[This article is adapted and re-posted from “When Pastors Kill Themselves” by Dr. Claude Mariottini at www.claudemariottini.com]
The past several years we have seen the sad topic of suicide of pastors become a hot issue. News reports where pastors kill themselves are becoming common. One such news says, the pastor and his wife had just returned home from a prayer meeting and a few minutes later he was dead. According to his wife, the pastor was going through a time of severe depression.
This reminds us of at least three reported cases of suicides involving pastors of local churches. In each case, the three pastors were facing problems which led them to conclude that the only way to solve their problems was by taking their own lives.
The first case was the suicide of Teddy Parker, pastor of Mt. Zion Baptist Church in Macon, Georgia. According to friends, Parker struggled with manic depression and came to a point in his life where he believed he could not feel God in his life.
Parker killed himself on a Sunday afternoon after having preached to his congregation in the morning. He was scheduled to preach again that night, but he never made it. Parker was only 41 years old. He was married and had two children. According to a news report, he did not leave a note behind to explain the reason he took his own life. He died from a gunshot wound.
The irony in Parker’s suicide is that shortly before his death, he was able to convince a young man contemplating suicide not to kill himself. Parker counseled the young man for several weeks, up to a month before his own death.
The second case was the suicide of Ed Montgomery, one of the pastors at the Full Gospel Christian Assemblies International Church in Hazel Crest, Illinois. At the time of his death, pastor Montgomery was grieving the death of his wife, Prophetess Jackie Montgomery.
Montgomery’s wife died December 2012 and one year later, pastor Montgomery was still despondent about the death of his wife. Before his death he told members of his congregation that he was hearing her voice and footsteps. He died from a gunshot wound.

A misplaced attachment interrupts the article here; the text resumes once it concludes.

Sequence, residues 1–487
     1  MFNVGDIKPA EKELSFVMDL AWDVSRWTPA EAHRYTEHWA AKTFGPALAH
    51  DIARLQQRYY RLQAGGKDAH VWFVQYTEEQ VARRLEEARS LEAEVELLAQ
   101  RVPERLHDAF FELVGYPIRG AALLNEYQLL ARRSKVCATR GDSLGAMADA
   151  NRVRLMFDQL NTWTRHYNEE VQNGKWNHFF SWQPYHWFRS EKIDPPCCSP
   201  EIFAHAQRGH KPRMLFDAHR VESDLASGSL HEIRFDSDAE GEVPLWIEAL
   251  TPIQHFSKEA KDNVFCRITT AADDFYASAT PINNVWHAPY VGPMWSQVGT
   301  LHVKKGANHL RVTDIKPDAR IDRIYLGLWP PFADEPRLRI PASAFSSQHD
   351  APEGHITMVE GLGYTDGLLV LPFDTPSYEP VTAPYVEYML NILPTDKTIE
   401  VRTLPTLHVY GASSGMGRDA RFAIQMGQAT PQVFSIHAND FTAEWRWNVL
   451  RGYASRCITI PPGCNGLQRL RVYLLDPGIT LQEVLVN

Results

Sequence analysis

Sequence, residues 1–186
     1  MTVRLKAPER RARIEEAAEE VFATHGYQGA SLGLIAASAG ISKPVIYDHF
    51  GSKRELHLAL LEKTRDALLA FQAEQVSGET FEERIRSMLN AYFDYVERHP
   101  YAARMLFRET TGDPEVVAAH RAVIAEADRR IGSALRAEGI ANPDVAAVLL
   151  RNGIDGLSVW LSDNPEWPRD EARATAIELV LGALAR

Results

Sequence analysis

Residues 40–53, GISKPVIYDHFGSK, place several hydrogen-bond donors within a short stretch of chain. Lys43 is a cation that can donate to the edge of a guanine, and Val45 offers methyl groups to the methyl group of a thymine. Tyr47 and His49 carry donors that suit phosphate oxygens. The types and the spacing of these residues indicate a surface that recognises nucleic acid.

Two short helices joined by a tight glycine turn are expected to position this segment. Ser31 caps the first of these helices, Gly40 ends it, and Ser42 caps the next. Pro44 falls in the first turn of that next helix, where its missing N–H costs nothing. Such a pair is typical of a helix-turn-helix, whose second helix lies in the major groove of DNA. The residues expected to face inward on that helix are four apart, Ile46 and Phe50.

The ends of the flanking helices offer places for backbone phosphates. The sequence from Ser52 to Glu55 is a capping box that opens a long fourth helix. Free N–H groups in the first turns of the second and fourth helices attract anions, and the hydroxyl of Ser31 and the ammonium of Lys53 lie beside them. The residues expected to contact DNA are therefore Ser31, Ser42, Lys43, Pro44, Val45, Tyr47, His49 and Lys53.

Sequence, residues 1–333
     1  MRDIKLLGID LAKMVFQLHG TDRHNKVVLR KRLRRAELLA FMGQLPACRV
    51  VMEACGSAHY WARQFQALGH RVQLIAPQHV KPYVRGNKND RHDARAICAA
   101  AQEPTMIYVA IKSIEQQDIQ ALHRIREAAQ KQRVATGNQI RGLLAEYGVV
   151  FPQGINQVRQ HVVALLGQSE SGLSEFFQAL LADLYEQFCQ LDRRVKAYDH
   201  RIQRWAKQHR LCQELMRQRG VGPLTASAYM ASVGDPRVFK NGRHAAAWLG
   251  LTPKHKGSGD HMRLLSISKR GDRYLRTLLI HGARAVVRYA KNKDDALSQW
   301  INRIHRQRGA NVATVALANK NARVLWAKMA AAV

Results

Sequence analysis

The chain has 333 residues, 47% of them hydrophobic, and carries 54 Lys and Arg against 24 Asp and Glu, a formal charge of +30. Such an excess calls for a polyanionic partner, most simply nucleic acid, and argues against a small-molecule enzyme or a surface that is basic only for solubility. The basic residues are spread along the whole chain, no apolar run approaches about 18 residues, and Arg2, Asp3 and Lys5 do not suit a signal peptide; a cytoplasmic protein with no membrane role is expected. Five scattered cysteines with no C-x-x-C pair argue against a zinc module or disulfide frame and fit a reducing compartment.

According to a news report, Montgomery shot himself in front of his mother and his son, inside his home in Matteson, Illinois. Both Montgomery and his wife served as marriage counselors in their church.
The third case was the suicide of Isaac Hunter, the founding pastor of the Summit Church, a megachurch in Orlando, Florida.
According to a news report, Hunter, who was 36 years old, resigned from his church on November 26, 2012, after he told church leaders that he had an affair with a member of his staff. According to the report, his wife filed a petition against Hunter, accusing him of domestic violence and describing him as being unstable and suicidal.
Isaac Hunter was the son of Joel Hunter, the pastor of the Northland Church in Longwood, Florida. Joel Hunter has been called a spiritual adviser to President Obama.
Why do pastors kill themselves? There are many possible answers to this question, but in the end, I believe, none of them fully explain why pastors take their lives.
One reason why pastors commit suicide is because of the demands of the ministry. It is true that when church members need the pastor, he or she is always there for them. However, pastors find it very difficult to confide their problems to members of the church for fear of recrimination.
Another reason pastors kill themselves may be due to the lack of reward or recognition they receive in the ministry. Many pastors are poorly paid and the lack of money imposes a severe financial burden on the family. This also requires personal sacrifice, humble living, and the deprivation of some luxuries in life.
In some churches, the work of the pastor is not properly recognized. Some members are critical of the pastor and his family. Some members refuse to participate in the life of the church, leaving the pastor to do work that members should do. Some churches impose heavy demands upon the pastor’s wife without proper compensation.
These problems and a few others cause burnout and depression. A recent study by the Schaeffer Institute reveals the oppressive conditions pastors face in discharging their ministerial responsibility:
According to the Schaeffer Institute, 70 percent of pastors constantly fight depression, and 71 percent are burned out. Meanwhile, 72 percent of pastors say they only study the Bible when they are preparing for sermons; 80 percent believe pastoral ministry has negatively affected their families; and 70 percent say they don’t have a close friend.
As a result, the same study reports “that 80 percent of seminary and Bible school graduates will leave the ministry within five years.” The stressful situation in which most pastors exercise their ministry can contribute to suicidal thoughts. Anyone who takes his or her life has planned to do so even before the act is committed. Thinking about suicide is the first step toward suicide, but not always.
Psychologists point to several reasons why people commit suicide, from depression to psychosis to stressful life situations. But one thing is certain: Whatever drives someone to take their own life ultimately begins in the mind. Suicidal thoughts precede suicide.
“Suicidal thoughts have numerous causes,” according to Mayo Clinic. “Most often, suicidal thoughts are the result of feeling like you can’t cope when you’re faced with what seems to be an overwhelming life situation. If you don’t have hope for the future, you may mistakenly think suicide is a solution. You may experience a sort of tunnel vision, where in the middle of a crisis you believe suicide is the only way out.”